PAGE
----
This mountain view was greeted with 40 degrees and a skiff of snow not more than a few hundred feet from the house...on the 23rd of April...in Tucson, AZ.! From time to time I hear from people interested in attending a workshop...wondering if I offer classes etc. Well, I'm thinking about hosting/teaching a painting workshop in San Diego, Ca. the first week of June...or in the fall. I'm putting feelers out now to see if there's much interest. If we can get 6-10 students for a two or three day gig I think we can make a go of it. What think ye? Let me know if a rendezvous of this sort would trip your trigger and we can begin to make plans for a smashingly good time of painting near the surf, wind in our hair and sun on our back...or something to that effect. Write to LosHawkins @ Yahoo
Thursday, April 15, 2010
BORDER PATROL UPDATE: Well, San Luis isn't really the bleak and barren place I thought it to be. I mean, they even have a Wal-Mart! After a shorter-than-usual four hour road trip with Eddie the wonder kid (learning to drive on freeways) we were greeted with lush fields of wheat, onions and other green stuff that produced a variety of fresh and happy smells and (windows rolled down) my favorite sound in the whole wide world...the song of the meadowlark. Turns out they really did need Paco the shape-shifting man of international intrigue and loquacious linguistic abilities, to get their car back. We met with the administrative lieutenant of the San Luis police department who helpfully and efficiently released the imprisoned vehicle to us. From there we proceeded to the impound lot. Once at the lot we hatched the daring border-crashing plan. At first they wanted me to be the driver to get the car across. But it was I who engaged the tow truck owners with friendly conversation and delicately described to them our dilemma. It seems no one there (on the US side) was very intent on making anyone's life harder than it already was. These guys (we'll call them Pepe and Pedro) offered to drive the car across the last border check point for Lizeth who wouldn't be allowed to 'cause she only has a Mexican driver's license...won't work with an American car that is owned by the driver...get it? Pepe and Pedro also agreed to reduce the tow/impound fee after we discovered that Pedro's nephews were attending school in Alberto's home town (and I reminded them that the police had told us it would be less) So, after all was said and done, the car that was supposed to be released to me by the impound lot ended up being released to the friendly tow truck operator who ran the lot and I and the wonder kid just shook our heads in wide eyed amazement. We followed them a few blocks to the border as they brazenly crashed the line with happy countenance and innocent smiles all the while whistling a little tune that sounded something like a cross between the theme from The Good, The Bad and The Ugly, and the Mexican Hat Dance. It might be interesting to note that all our interactions with people and even the official proceedings were conducted in Spanish. From Tucson to Yuma to San Luis, all in America, all speaking Spanish. I think it's time some of you did some serious investing in Rosetta Stone. (The In & Out Burger in Yuma was the only exception...if they would have pulled the tex-mex thing on us ...well, I did still have my .357 magnum.)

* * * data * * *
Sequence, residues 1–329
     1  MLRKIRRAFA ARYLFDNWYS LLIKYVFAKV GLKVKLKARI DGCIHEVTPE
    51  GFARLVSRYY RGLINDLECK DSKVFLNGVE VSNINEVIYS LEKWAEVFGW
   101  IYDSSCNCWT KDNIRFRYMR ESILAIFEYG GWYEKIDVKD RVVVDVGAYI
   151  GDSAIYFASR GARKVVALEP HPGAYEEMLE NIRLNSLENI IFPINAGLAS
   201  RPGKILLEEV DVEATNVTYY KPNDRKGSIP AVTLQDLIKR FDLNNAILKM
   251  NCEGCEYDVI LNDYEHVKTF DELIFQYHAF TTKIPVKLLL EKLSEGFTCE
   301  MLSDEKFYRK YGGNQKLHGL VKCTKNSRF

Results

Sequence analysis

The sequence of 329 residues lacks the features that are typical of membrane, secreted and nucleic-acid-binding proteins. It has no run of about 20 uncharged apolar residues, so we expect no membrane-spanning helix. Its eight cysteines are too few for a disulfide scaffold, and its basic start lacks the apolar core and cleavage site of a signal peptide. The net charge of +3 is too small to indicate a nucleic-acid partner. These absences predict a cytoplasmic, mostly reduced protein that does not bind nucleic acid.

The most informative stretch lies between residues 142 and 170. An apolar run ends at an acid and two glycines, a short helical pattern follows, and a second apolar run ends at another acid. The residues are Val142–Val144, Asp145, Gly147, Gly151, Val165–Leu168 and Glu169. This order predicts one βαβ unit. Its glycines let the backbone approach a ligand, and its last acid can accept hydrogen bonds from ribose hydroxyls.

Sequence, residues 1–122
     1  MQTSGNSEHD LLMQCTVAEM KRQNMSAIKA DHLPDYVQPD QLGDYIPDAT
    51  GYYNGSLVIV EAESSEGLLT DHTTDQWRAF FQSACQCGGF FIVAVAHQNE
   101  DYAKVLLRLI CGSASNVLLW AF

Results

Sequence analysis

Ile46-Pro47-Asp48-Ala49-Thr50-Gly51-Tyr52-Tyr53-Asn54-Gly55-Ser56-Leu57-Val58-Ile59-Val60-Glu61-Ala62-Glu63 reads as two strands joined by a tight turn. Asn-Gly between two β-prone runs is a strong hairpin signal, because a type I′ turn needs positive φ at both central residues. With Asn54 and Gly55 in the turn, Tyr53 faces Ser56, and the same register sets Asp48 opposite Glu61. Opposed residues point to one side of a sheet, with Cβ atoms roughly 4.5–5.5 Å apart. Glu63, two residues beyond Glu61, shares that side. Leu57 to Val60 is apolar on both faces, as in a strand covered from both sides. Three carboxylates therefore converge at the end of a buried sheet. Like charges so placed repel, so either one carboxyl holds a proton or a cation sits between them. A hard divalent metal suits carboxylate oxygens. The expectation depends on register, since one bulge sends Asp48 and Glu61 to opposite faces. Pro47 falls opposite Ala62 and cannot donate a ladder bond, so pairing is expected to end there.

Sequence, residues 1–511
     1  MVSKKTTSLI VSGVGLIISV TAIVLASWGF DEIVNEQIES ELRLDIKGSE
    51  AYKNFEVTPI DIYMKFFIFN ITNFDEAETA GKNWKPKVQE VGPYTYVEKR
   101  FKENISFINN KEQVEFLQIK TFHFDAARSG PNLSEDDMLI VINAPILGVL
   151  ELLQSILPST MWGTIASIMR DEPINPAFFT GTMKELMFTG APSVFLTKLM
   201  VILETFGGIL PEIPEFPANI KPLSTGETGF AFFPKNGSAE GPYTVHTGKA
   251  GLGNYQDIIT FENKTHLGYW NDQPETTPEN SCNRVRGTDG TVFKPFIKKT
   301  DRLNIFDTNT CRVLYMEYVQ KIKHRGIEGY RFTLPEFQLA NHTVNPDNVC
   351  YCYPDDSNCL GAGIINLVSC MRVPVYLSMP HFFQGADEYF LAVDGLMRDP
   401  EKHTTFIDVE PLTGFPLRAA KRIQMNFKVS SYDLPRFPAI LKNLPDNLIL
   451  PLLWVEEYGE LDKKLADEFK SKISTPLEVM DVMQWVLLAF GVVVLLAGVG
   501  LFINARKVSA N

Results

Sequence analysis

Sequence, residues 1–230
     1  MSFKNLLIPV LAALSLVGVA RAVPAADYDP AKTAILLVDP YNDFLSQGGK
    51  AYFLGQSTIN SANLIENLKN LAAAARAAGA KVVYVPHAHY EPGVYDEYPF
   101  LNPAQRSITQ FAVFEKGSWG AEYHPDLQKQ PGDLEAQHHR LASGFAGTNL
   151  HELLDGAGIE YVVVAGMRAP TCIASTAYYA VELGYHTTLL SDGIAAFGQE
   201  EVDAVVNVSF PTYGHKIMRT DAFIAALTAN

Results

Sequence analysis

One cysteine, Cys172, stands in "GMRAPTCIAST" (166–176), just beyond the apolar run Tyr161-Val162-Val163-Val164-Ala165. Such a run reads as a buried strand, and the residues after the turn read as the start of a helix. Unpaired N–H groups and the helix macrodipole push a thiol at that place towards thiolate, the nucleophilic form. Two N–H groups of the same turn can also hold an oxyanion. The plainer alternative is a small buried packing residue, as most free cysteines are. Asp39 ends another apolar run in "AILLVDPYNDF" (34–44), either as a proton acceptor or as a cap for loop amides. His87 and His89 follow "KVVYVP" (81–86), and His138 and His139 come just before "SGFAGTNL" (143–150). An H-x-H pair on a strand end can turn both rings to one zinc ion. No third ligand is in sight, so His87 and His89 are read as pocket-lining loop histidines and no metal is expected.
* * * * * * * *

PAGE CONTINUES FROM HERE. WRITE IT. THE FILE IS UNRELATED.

Sunday, April 11, 2010